The Traghetto, No. 1

Accession Number

The Traghetto, No. 1

James Abbott McNeill Whistler

Artist Nationality
American (North American)

Object Creation Date

Medium & Support
etching, printed in warm black ink on laid Japan paper

11 7/16 in. x 17 7/16 in. ( 29 cm x 44.3 cm )

Credit Line
Bequest of Margaret Watson Parker

Label copy
The Traghetto, No. 1
Second state of three (Kennedy 190)
Bequest of Margaret Watson Parker, 1954/1.376
The Traghetto, No. 2, from Twelve Etchings, or the
First Venice Set
Fifth state of six (Kennedy 191)
Bequest of Margaret Watson Parker, 1954/1.377
Whistler’s image of a ferry landing at the end of a dark passageway of the Ca’ da Mosto proved to be an instance when he ruined his copper plate at the urging of another artist, a “duffer,” according to Whistler, who complained that his first plate looked incomplete. Another colleague, Otto Bacher (1856–1909) tells of seeing a “glorious proof” impression of the first state of The Traghetto, pinned to the wall in Whistler’s room as a reference for further work on the plate. When he was shown the second and third states, he was stunned: the silvery delicacy of the benchmark impression had been ruined by subsequent work on the plate. Reading in Bacher’s face confirmation of his own fears, Whistler bitterly abandoned this first plate. He was able to salvage the composition by transferring the image to a new plate and beginning again; the second plate became known as The Traghetto, No. 2.
Although The Traghetto, No. 1 was one of the first plates Whistler began in Venice, The Traghetto, No. 2 was the last to be completed of the First Venice Set. Indeed, as the invitations to the Fine Art Society’s opening show of the prints had been sent out, Whistler continued to work on the plate. The printer Thomas R. Way (1861–1913), who was with Whistler in London as he continued to fret over The Traghetto, No. 2, described how, “he obtained the silvery quality he wanted, and the lantern with its reflected light at the end of the dark archway, and the leaves falling from the little trees in front—just in time.”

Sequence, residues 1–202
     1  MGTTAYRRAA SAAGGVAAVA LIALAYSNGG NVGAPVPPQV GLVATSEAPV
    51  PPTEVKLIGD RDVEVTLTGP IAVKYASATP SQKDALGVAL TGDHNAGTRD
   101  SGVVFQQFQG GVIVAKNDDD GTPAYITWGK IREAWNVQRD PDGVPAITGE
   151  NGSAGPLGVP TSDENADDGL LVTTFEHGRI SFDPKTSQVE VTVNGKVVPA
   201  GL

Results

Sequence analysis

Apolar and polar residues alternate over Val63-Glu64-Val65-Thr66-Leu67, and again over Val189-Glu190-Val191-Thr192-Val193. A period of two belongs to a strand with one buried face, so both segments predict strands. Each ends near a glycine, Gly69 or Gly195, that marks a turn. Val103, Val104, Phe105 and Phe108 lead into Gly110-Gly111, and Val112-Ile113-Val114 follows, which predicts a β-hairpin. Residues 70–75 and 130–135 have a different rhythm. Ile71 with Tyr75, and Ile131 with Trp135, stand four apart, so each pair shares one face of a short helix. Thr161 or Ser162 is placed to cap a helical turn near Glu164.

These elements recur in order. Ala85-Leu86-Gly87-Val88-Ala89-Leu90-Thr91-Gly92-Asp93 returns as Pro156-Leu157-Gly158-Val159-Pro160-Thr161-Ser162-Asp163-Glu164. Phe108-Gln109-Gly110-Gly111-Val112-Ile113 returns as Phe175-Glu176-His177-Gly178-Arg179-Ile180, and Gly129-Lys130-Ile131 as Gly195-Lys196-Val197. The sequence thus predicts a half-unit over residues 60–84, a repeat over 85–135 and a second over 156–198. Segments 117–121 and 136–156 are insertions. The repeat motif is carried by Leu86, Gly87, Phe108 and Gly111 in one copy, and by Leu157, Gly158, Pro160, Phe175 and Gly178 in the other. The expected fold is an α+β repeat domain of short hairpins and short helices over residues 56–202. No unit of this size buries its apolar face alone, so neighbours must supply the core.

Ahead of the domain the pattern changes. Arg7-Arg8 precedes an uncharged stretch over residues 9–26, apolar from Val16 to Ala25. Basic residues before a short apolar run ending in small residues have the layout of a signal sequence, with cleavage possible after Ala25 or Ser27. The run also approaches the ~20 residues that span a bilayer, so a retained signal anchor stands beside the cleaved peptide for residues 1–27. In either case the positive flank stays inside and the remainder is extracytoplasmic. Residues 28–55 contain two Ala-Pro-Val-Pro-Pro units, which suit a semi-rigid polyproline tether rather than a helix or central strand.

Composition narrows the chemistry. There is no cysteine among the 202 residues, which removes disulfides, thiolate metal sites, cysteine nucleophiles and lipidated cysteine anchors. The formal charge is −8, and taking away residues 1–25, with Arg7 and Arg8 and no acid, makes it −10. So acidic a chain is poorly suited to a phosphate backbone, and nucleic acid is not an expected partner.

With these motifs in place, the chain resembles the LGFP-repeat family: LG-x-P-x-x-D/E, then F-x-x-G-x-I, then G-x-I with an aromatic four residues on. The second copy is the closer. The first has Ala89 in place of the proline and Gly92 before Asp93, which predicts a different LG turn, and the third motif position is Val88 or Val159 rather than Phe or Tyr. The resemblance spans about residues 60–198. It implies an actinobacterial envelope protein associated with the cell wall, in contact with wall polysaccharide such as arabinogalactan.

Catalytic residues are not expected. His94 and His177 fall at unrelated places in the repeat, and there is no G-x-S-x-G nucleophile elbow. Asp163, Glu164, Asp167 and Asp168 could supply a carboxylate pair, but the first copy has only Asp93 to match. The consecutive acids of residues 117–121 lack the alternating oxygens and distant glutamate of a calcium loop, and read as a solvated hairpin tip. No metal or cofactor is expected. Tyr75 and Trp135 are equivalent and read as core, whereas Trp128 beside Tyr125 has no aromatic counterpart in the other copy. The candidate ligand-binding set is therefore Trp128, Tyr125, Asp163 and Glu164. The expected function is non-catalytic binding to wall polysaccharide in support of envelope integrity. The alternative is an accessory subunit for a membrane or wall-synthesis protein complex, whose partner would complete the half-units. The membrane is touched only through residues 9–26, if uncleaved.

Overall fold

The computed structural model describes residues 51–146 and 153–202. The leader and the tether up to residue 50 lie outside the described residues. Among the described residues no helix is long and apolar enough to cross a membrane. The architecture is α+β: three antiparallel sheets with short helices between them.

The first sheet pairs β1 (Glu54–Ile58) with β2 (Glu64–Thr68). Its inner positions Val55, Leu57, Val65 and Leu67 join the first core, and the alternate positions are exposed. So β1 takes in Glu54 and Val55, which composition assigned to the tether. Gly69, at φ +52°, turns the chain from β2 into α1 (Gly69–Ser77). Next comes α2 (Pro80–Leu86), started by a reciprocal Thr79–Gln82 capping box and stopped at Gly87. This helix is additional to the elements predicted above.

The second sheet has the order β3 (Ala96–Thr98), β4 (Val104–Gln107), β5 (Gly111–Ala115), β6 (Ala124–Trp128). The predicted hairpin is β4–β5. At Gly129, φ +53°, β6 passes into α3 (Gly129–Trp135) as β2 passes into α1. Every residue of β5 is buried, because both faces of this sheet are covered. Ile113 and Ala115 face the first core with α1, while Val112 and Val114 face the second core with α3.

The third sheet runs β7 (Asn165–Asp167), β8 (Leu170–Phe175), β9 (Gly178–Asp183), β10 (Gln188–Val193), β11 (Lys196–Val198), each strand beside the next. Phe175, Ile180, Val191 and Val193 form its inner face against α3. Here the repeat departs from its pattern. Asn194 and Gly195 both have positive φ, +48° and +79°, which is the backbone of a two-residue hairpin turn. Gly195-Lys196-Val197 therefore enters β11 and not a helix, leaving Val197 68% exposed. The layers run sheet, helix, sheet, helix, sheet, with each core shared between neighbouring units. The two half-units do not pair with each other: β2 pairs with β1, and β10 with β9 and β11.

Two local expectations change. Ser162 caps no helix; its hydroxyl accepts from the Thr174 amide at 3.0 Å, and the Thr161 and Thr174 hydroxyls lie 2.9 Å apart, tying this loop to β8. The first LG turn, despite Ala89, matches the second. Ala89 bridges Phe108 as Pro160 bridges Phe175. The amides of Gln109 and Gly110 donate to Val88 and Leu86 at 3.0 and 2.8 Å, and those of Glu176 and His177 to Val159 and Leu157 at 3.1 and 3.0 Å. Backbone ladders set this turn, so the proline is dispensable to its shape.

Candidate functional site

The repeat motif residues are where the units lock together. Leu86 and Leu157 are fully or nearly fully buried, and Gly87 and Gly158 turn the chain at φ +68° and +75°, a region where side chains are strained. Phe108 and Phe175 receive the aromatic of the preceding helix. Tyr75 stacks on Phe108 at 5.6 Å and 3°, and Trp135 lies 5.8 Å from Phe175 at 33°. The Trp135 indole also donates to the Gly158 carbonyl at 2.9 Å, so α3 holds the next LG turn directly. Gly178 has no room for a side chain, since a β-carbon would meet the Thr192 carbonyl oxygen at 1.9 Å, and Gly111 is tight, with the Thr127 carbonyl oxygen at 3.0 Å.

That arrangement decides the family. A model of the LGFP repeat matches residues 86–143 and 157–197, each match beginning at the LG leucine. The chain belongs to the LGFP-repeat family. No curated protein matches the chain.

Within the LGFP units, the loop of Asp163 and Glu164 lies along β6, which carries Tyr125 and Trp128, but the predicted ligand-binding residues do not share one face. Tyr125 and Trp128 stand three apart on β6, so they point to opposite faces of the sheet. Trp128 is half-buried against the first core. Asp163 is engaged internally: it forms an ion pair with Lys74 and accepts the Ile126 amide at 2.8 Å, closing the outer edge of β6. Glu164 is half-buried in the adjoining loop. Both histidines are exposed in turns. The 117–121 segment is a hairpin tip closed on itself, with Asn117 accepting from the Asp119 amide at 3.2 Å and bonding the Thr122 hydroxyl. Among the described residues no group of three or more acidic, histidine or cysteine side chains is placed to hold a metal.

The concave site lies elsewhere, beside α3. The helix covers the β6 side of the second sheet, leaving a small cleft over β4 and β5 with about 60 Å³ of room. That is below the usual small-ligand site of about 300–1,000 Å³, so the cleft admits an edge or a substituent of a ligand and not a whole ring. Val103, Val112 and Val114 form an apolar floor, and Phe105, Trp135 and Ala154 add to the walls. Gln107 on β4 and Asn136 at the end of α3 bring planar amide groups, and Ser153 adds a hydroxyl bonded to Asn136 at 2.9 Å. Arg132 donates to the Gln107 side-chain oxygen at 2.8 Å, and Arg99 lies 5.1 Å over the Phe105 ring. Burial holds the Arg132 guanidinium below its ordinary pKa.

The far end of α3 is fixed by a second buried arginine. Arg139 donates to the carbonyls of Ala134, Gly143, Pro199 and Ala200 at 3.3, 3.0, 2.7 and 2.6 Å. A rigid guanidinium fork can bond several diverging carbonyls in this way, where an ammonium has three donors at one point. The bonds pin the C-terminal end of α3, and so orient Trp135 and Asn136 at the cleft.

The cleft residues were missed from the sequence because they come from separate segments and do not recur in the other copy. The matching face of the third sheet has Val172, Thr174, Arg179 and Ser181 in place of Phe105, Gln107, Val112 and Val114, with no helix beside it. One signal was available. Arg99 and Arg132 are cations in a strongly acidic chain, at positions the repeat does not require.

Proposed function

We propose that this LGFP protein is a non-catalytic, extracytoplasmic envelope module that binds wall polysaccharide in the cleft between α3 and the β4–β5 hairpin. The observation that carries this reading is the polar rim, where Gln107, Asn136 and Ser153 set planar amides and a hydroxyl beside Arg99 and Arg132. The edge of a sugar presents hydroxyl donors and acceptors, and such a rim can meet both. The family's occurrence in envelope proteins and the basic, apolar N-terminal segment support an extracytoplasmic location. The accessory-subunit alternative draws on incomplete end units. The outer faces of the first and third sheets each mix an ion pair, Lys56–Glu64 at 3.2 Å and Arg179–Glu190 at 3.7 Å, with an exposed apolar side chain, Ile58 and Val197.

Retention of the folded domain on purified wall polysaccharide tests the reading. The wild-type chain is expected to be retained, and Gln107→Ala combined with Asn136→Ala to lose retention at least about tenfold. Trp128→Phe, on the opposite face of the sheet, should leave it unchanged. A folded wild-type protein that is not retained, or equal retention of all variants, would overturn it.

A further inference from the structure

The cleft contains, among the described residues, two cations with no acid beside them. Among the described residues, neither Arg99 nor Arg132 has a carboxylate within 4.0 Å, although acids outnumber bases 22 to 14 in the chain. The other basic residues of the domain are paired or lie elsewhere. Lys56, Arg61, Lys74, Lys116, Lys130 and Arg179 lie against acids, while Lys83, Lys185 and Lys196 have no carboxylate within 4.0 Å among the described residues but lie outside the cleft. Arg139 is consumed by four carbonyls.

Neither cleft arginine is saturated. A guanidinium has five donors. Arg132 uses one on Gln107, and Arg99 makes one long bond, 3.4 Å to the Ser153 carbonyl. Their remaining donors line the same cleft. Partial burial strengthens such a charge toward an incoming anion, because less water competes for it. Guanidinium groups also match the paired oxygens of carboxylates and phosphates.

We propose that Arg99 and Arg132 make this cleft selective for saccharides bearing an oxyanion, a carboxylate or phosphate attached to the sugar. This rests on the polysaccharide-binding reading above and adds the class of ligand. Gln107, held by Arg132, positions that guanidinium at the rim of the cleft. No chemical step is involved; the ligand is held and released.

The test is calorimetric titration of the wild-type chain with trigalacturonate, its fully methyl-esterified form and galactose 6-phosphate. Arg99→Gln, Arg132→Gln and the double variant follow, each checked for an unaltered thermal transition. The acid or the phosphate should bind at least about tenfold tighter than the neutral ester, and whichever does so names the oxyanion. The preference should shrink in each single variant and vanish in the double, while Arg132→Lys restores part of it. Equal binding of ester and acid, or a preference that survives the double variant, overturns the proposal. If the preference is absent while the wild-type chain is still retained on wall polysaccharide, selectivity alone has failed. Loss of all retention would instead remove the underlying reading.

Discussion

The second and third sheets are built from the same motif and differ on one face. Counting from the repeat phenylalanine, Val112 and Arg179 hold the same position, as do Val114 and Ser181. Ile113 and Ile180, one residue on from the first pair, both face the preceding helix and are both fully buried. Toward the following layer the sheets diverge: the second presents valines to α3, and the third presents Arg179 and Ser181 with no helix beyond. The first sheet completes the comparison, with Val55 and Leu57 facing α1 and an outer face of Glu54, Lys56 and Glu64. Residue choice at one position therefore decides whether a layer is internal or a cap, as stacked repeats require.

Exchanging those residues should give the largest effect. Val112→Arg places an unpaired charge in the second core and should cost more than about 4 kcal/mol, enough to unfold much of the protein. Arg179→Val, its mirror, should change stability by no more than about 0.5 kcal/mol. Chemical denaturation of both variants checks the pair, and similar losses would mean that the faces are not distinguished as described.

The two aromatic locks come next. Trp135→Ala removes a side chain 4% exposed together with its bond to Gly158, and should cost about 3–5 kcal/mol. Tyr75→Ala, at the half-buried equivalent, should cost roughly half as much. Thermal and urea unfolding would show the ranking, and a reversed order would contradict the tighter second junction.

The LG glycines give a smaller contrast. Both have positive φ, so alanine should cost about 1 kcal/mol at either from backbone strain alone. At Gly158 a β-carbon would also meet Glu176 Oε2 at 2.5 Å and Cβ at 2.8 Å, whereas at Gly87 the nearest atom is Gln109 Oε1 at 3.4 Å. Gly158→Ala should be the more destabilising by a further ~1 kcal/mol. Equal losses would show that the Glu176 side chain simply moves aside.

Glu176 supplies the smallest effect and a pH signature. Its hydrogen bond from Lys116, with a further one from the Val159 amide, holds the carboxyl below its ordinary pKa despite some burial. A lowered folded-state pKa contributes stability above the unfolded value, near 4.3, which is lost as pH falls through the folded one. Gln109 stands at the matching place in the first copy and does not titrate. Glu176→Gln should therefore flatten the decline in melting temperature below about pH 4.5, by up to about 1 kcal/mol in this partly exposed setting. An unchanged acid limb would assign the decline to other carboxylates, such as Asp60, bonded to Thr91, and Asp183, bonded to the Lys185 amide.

Mrs. Parker obtained one of the very few proofs of Traghetto, No. 1 (albeit a second, not a first state), as well as an impression from the final plate that was shown at the Fine Art Society. Although UMMA’s Traghetto, No. 1 is a second state impression, it retains some of the elusive silvery quality that Whistler was seeking.

Subject matter
Otto Henry Bacher saw Whistler working on this plate, one of the earliest Whistler drew in Venice. Whister was dissatisfied with the progress of the plate and began the composition again on another copper plate; it is the second plate that was included in the "First Venice Set." Because this plate was abandoned in Venice, proofs taken from the plate are very scarce. As with the second plate of "Traghetto, No. 2", the site is identified as the courtyard of the C'da Mosto, north of the Rialto bridge.

Physical Description
An empty covered passageway dominates this image. In the foreground are three young saplings. At the far end of the passageway a man can be seen sitting in the sunlight alongside the edge of the canal. On either side of the passageway in the foreground are windows and indications of cornices and other architectural elements.

Primary Object Classification

Collection Area

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alleys (streets)

& Author Notes

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